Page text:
ARTscapes – Beyond the Frame: To Be Native

Spring 2019

The ARTscapes project is facilitated by Methow Arts. It is designed to activate empty commercial storefronts and vacant space in Okanogan County. ARTscapes brings more foot traffic into downtown and offers more exposure to the creative sector. 

Our current program fills storefronts with images and informational posters about the work of Edward S. Curtis and BEYOND THE FRAME: TO BE NATIVE
A community-wide initiative revisiting the photographs of Edward S. Curtis and sparking conversations on Native identity, race and resilience, art and culture. This traveling exhibit is on loan from the Wenatchee Valley Museum (thank you) and will fill storefronts across the County from May-August. If you’d like to get involved or have vacant space contact our director please @
Thank you to our regional partners Wenatchee Valley Museum, Icicle Center for the Arts, NCRL, Gallery One and Icicle Fund for making this possible.

In the early 1900s, photographer Edward Sheriff Curtis began a 30-year project to preserve in images and words the cultures of American Indian tribes. But in many ways, Curtis’ work also framed Native people in a past he believed was more “real” or “authentic” than contemporary life.


40,000 images of 80 tribes

20-volumes of The North American Indian

2,200 etched metal images, or “photogravures”

5,000 pages of text

10,000 wax cylinder audio recordings

In Curtis’s view, for Indians, “the present was all of decline, the future practically nonexistent, the past glorious.”

If you’d like to get involved or have vacant space contact us please @

Curtis preferred to make images of Natives in traditional dress, as the Yakama member and Chief Joseph are shown here. On several occasions, when a subject did not have traditional Native clothing, Curtis himself provided attire from other tribes. The image of Wilbur Peebo here is notable for Peebo’s Western clothing and short hair. It was unusual for Curtis to create photos of Natives who had assimilated in 20th century culture.

For Natives, the 20th century had familiar ups (electricity, cars, radio!) and significant downs (like Native youth being taken from parents and stripped of their culture in government Indian schools). Neither was the story Curtis told. In one famous image, he used techniques of the day to remove an alarm clock from lodge that otherwise appeared from the mists of history.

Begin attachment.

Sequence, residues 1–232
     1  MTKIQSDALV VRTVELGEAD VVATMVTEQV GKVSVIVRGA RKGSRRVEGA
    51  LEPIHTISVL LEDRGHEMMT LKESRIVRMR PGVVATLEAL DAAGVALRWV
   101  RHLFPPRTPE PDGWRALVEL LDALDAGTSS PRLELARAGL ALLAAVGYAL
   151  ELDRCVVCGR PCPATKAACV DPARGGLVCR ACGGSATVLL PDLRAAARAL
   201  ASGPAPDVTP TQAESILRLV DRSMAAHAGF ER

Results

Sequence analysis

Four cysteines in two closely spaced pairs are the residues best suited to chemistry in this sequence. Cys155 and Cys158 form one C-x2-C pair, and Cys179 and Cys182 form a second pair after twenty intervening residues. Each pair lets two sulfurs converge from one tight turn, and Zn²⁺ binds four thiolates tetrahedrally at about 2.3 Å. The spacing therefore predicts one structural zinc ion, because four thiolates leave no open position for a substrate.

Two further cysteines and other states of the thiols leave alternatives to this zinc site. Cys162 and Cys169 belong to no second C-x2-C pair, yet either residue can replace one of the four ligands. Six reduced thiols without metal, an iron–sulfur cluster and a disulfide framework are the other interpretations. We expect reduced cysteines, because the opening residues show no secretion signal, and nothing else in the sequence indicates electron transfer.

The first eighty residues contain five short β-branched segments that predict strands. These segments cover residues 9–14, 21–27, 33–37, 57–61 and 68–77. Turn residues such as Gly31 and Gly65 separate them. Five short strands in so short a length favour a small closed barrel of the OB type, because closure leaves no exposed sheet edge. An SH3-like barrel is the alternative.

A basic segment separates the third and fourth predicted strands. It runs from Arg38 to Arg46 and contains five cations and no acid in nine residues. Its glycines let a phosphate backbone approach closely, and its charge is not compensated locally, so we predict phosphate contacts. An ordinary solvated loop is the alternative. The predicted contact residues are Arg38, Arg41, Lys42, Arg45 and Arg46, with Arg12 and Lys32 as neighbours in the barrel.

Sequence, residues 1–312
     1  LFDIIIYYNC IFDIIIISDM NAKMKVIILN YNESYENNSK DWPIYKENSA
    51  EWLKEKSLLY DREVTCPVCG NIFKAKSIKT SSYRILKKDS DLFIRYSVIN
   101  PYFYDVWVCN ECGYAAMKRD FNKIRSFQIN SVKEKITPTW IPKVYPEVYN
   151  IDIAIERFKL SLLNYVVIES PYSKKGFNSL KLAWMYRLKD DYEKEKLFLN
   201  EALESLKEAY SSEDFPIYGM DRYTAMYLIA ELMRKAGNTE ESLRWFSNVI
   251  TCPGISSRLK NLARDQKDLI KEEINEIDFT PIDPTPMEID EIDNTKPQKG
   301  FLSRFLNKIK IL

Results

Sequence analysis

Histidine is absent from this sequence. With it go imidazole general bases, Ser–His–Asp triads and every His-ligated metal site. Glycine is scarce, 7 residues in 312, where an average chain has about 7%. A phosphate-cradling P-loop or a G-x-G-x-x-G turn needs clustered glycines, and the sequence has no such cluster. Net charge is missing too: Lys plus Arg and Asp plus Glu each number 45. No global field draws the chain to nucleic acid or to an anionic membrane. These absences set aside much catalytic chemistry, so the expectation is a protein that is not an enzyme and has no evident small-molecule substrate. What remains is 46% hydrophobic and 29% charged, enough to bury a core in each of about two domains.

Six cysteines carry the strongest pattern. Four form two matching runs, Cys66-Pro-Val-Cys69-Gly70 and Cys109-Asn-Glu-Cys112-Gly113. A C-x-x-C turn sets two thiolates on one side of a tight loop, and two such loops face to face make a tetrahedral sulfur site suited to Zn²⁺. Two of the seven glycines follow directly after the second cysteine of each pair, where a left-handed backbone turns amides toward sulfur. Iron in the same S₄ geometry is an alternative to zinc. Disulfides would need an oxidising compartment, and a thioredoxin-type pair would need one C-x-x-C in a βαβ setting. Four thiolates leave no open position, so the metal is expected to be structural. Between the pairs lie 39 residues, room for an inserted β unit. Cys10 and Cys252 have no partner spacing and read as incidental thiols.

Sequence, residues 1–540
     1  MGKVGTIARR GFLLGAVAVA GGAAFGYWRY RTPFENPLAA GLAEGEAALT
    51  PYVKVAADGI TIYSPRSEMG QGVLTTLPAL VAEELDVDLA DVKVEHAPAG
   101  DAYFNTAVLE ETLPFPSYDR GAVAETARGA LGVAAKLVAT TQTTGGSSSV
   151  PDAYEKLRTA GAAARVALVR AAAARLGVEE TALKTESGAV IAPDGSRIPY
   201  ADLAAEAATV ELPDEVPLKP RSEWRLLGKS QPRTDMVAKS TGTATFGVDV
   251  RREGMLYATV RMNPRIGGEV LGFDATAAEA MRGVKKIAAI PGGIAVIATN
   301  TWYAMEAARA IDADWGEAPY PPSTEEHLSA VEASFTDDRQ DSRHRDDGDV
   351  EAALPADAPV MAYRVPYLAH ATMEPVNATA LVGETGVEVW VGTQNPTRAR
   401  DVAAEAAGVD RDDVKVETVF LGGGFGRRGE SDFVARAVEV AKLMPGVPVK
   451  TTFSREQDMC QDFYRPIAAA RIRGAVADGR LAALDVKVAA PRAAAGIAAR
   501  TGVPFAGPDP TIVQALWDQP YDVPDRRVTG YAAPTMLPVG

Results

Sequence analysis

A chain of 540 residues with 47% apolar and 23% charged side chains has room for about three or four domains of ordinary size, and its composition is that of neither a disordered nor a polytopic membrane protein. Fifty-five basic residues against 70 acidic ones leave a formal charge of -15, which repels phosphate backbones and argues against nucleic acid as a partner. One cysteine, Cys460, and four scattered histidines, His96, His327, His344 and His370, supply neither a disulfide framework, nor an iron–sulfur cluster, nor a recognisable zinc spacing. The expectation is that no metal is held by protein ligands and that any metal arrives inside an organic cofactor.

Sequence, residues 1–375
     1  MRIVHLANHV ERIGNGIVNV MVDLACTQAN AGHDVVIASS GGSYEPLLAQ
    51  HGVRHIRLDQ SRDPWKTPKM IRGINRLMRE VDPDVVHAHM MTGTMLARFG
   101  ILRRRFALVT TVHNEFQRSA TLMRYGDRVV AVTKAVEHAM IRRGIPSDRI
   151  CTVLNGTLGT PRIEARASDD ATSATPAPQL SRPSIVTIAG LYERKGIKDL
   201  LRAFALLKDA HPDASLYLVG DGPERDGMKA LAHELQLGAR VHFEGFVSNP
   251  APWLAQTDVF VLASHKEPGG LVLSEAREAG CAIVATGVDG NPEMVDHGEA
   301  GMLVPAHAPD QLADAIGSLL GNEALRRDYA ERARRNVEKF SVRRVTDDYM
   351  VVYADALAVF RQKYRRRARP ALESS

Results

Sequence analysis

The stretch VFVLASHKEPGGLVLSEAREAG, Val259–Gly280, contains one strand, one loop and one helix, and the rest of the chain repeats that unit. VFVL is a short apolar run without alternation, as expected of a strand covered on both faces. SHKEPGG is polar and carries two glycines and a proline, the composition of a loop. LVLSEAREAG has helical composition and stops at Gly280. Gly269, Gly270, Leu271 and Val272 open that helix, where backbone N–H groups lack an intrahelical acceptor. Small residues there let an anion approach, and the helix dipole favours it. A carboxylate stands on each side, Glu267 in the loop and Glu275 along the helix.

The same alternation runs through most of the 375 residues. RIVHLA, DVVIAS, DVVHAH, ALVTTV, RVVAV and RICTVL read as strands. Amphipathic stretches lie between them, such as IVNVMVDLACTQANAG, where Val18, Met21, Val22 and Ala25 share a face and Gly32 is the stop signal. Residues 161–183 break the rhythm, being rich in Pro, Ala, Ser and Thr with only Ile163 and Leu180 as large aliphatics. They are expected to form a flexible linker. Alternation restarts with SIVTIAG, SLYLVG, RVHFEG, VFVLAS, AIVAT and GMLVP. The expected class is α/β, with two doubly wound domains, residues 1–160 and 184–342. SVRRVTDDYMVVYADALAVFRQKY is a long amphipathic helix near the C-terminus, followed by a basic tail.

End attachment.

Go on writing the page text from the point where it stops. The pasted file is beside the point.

In the century since The North American Indian’s first pages were published, Curtis’ images have not just preserved history. To many people, those images defined it—beginning, middle, and end. Our lives were boxed up and put on history’s shelf.

That view shortchanges a lot of actual history. Curtis didn’t make room in his frame for Natives adapting to modern life, or suffering under U.S. government policies to erase our cultures.

It also shortchanges all of us today—Natives and non-Natives alike.

We’re standing up to challenges. Some, like Native homelessness, are rooted in our historic struggles. Others, like climate change, we face shoulder to shoulder with the global community. We’re enjoying triumphs: in art, in language renewal, in business, and on the lands and waters we’ve tended for millennia.

Today, as in Curtis’ day, to be Native is a concept that’s larger than a single frame.

This branch of ARTscapes will launch in May from Tonasket to the Methow Valley. We will soon publicize a map of all locations and new event information. CONTACT: Amanda Jackson Mott, Executive Director of Methow Arts Alliance with any questions @

HOW IT WORKS: The initiative makes no-and low-cost temporary space, training, and technical assistance available to artists, creative entrepreneurs, organizations, and community groups in order to nurture successful projects that transform communities in Okanogan County into stronger, more active towns and cities. A major goal is to transform empty storefronts into attractive spaces that draw more people to the area, along with potential buyers who may see new possibilities in the once-empty building. 

CONTACT: Amanda Jackson Mott, Executive Director, Methow Arts Alliance,, 509.997.4004.

The project is modeled after successful projects in Seattle and Tacoma which have had unprecedented success in transforming and revitalizing vacant space with innovative artistic projects. Learn more HERE for Storefronts Seattle and HERE for Tacoma’s Space Works.

Methow Arts programming of Beyond the Frame is generously sponsored by Blue Star Coffee Roasters, Barnyard Cinema and Icicle Fund. Thank you.

Read about ARTscapes project beginning:

2014 ARTICLE in Methow Valley News

The Omak Project featured on the front page of the Wenatchee World. Click here to read.